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Final

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  • 1. Dissertation DefenseOn-Demand Link-State Routing in Ad-Hoc Networks Soumya Roy Computer Engineering, University Of California, Santa Cruz Adviser : Prof. JJ Garcia Luna Aceves
  • 2. Presentation Outline Wireless ad-hoc networks On-demand link-state routing protocol  Source-tree On-demand Adaptive Routing protocol (SOAR)  Path Selection  On-demand Link Vector Protocol (OLIVE) Node-centric hybrid routing approach for practical scenarios of ad-hoc networks
  • 3. PART ONE Wireless Ad Hoc Networks
  • 4. Wireless Ad Hoc Networks WLAN Ad hoc NetworksNodes acts as sources, relays and destinations of data packets Routing protocol is needed for data delivery
  • 5. Challenges in Designing Routing Protocols for Mobile Ad-Hoc Networks Significant Packet Loss :  Fading, interference, collisions Less bandwidth than wired networks Network Topology highly dynamic because of router or host mobility Routing protocols should adapt fast to link failures and converge fast Routing overhead should be minimal
  • 6. Taxonomy of Routing Protocols Proactive Routing (WRP, DSDV, OLSR, STAR)  Maintains routes for all destinations  Redundant routes Reactive Routing (AODV, DSR, DST)  Maintains routes for necessary nodes  Uses flooding of requests to discover paths  Long delays for path set up
  • 7. Main goal is to ….Explore how link-state information can be used efficiently for setting up on-demand routes
  • 8. Previous Work Proactive link-state protocols  Source Tree Adaptive Routing (STAR)  Exchanges source trees  Topology Broadcast based on Reverse-Path Forwarding (TBRPF)  Exchanges reportable part of source tree  Optimized Link-State Routing (OLSR)  Uses multipoint relays to prevent flooding Performance good compared to on-demand routing protocols using routing information in other forms
  • 9. PART TWO On-Demand Link- State Routing
  • 10. Outline Source Tree On-demand Adaptive Routing (SOAR) Challenges in the path selection On-demand Link Vector Routing (OLIVE)
  • 11. Source Tree On-demand Adaptive Routing (SOAR)
  • 12. What is Source Tree Each node can build source tree based on paths to all reachable destinations a b c SOAR exchanges minimal source trees d e f g h i j k l m Source Tree at node a
  • 13. What is a Minimal Source Tree Contains paths to important nodes (relays, potential relays, receivers) a a b b c c d e f d e f jj g jjg h i k Minimal Source Tree l m l reported by node a Source Tree at a
  • 14. Construction of Topology Table i x a a x i y c i c y + =Minimal source tree Minimal source tree Partial topology at i of x of a  Modified Bellman-Ford Algorithm used for path selection
  • 15. Summary Query, Reply for path discovery Updates for path repair ForcedUpdate, ForcedReply for forcing nodes adopt shortest paths Links validated using sequence number Data packets contain traversed paths
  • 16. Performance Evaluation (ns2) 20 nodes 1000mx300m rectangular field IEEE 802.11 MAC Link layer notification of link failures Re-routing of data packets possible in case of link breakage Comparisons with DSR and AODV
  • 17. Effect of Increasing Flows (pause=0s)
  • 18. Effect of Mobility (10 flows)
  • 19. Effect of Loading (10 flows)
  • 20. Challenges of Path Selection in On-demand Link State Routing
  • 21. Path Selection Algorithm Links advertised by b (c) (c) c d f Links advertised by c (c) (c) (c) a (b) (c) g (b) h (b) e b Path through a neighbor valid if later has advertised it Choose the shortest among the valid options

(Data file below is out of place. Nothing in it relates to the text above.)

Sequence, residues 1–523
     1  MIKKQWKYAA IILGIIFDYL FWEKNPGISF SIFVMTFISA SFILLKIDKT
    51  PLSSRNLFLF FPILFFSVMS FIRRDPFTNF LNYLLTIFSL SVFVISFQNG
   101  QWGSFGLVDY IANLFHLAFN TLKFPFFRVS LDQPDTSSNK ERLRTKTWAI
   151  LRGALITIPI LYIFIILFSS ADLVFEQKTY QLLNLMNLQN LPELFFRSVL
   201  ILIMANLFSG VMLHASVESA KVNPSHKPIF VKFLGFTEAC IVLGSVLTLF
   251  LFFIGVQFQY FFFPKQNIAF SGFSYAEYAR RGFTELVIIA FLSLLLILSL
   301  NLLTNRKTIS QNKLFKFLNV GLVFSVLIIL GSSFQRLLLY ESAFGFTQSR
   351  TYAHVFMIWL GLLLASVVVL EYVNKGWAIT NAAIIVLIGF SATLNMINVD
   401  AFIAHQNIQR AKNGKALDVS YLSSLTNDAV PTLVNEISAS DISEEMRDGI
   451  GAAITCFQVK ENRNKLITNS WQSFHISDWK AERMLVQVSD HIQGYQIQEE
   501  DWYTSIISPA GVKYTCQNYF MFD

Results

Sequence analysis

• 22. Computing Source TreeOPT-TREE : Given a graph and a set oflabels corresponding to each link, whatis maximum size of the source tree thatcan be built while satisfying the rules ofshortest path and on-demand routeadvertisement?NP complete problem (reduction of3SAT problem to a graph)
  • 23. Computing Source Tree (contd…)
  • 24. Heuristic for Computing Source Tree A polynomial time approximation (O(nd^2)) algorithm Finding shortest valid paths for a destination and combining those paths Local maxima instead of global maxima Disadvantage: computing source tree not an efficient usage of routing information A mechanism for policy-based routing
  • 25. Computing source graph (in SOAR) MBF BF (a,d1) (x,d2) j d1 >d2 (x,d2) i i i k (a,d1+1)(x,inf) (x, d2+1) a x a x a xd1 d2 j (j,k) link has been j j advertised by x only k k kPartial topology at i Source Graph at i Advertised Source Tree at i
  • 26. How does SOAR handle pathselection problem Computes source graph Exchanges source trees Uses forced routing to convert source graphs to trees Disadvantage:  Loops can form  Extra overhead of forced routing
  • 27. Next Step ……. Use of complete path information Links in paths validated using sequence numbers Links merged to help in local route repair and limited route requests Instantaneous loops to be prevented without any control overhead in data packets or any global synchronization
  • 28. On-Demand Link Vector Protocol(OLIVE)
  • 29. Overview of OLIVE Route discovery  Setting up new paths  RREQ, RREP and RREPACK Route Repair  Locally repair routes or limit route searches  FRREQ, FRREP Route Failure Notification  To notify route failures  RERR, RERRACK
  • 30. Use of path information in OLIVE
  • 31. Use of path information (contd …) c e
  • 32. RREQ d a RR EQRREQi j k RR EQ c b RREQ RREPACK RREP a d RR EP RREP Example (Route Discovery)i j k RR RREPACK PE RR AC b K c EP RREP RREPACK
  • 33. Example (Route Error and Repair) j j d c d c RREQ FRREQ RREQ FRREP a b a b FR EQ RR FR RE RERRACK RR EQ RE P k RERR k Q i RREQ i
  • 34. Properties of OLIVE When cost of path can increase, inter- neighbor synchronization is used  Predecessors release the successor  Loop-free paths set up when all predecessors release Every node knows correctly at every instance its set of predecessors Data packets from unknown predecessors always dropped
  • 35. Performance Evaluation (ns2) 50 nodes 1500x300m (range = 250m) 2Mbps DSSS radio interface Random Waypoint model IEEE 802.11 Compared with DSR, OLSR, TBRPF, AODV
  • 36. Simulation Results (10 flows)Percentage Throughput Total Control Packets
  • 37. Simulation Results (10 flows)Optimality of routes End to end delay